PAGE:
Pikachu, much like his pre-evolution Pichu, are known for their extended combo abilities. They both have great recoveries, and are able to gimp a lot of opponents off stage much quicker than they would have been able to in the air-dodge heavy Smash 4.
The best advice I can give you for facing off against a Pikachu is to avoid most of his aggressive attacks. Forward tilt is a surprising kill move, and nair strings together to create a pretty impressive combo loop that’s hard for big bodies to get out of.
Pikachu might try to go offstage to stage spike you with a back air, or to even properly spike you with the down-air. See, in Smash Ultimate, spikes operate differently than they did in any other iteration of Smash Bros.. The unique thing here is that the blastzone comes even closer than it usually does when you’ve been spiked, making recovering from them more difficult than ever before. Watch out for thunder spikes all the same.
I’m not gonna lie, you’re fighting an uphill battle against any good Pikachu. Remember to not get flustered, and to consider using a character with a decent reflector, such as Fox, Wolf, or Palutena to stop the thunderjolts in their tracks.
The meta considers Pichu and Pikachu different enough to categorize them as two separate characters. If anything, that would make one think that Pichu, the Pokémon known for hurting itself from its usage of electric attacks out of its tiny, underdeveloped body, would be lower in the Smash Ultimate tier list than high-tier mainstay Pikachu.
Wrong. WRONG, wrong, wrong. Pichu is just that much better than Pikachu, even with it doing damage to itself upon using electrical attacks. Why? Its tiny body, speed, and extended juggle abilities make it a better fighter than Pikachu.
Pichu is quicker than Pikachu, which gives it the upper hand in nearly every advantage or disadvantage situation against any fighter. The way to approach a Pichu is to not. You need to be defensive here, and you need to find a way to get past all of the thunderjolts and quick attacks.
When a Pichu takes a breath and isn’t harassing you, you need to take your opportunity to either grab it or use a quick aerial on it. It’s the lightest fighter in the whole game, so keep that in mind when you’re looking on in horror as it racks up an incredibly damaging combo on you. It can’t survive a higher percent, evening out the playing field against the mid-weight characters.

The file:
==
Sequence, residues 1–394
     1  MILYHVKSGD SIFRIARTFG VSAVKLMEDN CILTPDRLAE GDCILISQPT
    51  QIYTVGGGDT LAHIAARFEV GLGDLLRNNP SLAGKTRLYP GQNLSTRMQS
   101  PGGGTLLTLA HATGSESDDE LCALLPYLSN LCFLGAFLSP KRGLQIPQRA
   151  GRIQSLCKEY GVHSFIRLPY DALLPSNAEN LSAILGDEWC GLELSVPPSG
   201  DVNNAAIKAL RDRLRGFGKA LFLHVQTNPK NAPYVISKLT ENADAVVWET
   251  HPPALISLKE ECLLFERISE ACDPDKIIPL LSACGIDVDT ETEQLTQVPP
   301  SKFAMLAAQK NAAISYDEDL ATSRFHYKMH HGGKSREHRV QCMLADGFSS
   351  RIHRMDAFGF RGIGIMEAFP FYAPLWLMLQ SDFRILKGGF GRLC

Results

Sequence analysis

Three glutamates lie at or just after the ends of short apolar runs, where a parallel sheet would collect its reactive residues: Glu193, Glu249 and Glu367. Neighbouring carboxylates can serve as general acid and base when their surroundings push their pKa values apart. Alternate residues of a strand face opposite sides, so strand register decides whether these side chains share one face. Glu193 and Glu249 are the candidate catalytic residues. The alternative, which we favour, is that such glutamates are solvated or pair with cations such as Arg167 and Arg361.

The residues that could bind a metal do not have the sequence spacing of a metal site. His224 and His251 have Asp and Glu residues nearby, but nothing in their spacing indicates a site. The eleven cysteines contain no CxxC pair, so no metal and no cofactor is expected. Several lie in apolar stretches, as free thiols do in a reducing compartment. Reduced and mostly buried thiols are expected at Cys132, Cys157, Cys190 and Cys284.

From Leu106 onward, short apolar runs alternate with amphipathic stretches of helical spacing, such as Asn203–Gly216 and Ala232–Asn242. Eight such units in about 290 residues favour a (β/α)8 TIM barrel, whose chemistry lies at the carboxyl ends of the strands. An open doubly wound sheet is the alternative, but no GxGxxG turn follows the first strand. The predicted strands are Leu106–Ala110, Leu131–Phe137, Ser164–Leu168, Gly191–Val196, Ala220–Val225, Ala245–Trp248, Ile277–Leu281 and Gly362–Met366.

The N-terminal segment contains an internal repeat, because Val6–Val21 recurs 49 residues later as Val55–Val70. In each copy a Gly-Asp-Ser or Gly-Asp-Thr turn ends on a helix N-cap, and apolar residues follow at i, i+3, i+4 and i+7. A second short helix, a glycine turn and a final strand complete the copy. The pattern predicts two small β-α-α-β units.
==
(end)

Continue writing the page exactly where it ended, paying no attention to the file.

Do not use a heavy or big-body against Pichu. It will shield poke and apply shield stun to you for days, and if you get caught in a combo, expect it to end in a nasty thunder spike kill much sooner than you would have preferred. Rather, go for a floatier character, such as Peach, Falco, or Marth to combat Pichu’s gimping and long combo abilities.
Before we jump into this duo, it should be noted that the only difference between the two are their Turnip knockbacks. Their turnips scale differently in terms of knockback at certain ranges, and if I had to nitpick here, I’d say that the higher knockback on Peach gives her a slight advantage over Daisy’s turnips, although it could be said that the lower knockback of Daisy’s turnips allows for longer combo strings. (Note: this has now been patched out in the 3.0.0 update; they have the same turnip knockback, and therefore are the same exact fighter)
But I digress because other than their aesthetics, picking either character is definitively the best choice of top-tier character. They can float cancel, consistently tripping up opponents with their varied approaches and quick aerials. Their aerials are safe on shield, making them incredibly difficult to punish.
The first thing you want to do when facing off against a Peach/Daisy is to desperately avoid her downtilt. It leads into a nearly 100% true 0-to-death, and is not the way you want to lose a stock. There are few that can even tank her repeated downtilt into nair/forward air combo strings, and honestly, it’s not worth taking the risk.
Much like with Luigi’s down-throw 0-to-kill, you want to make sure you’re only approaching from the ground once you’ve gotten up to around 25% on your own character. This percent will allow you to SDI (Smash directional influence) away from the 0-to-kill, giving you a fighting chance against the princesses of the Mushroom Kingdom.
For the rest of the match, proceed with caution. Between the random item draws of Mr. Saturn, the Stitch Face turnip, and Bomb-omb, there is just too much going for Peach/Daisy to give them a leg up. They’re almost always going to be approaching with an aerial, so when in doubt, choose a character, such as Ness, Palutena, or Zelda, that is able to stop aerial approaches with defense projectiles and defensive walls.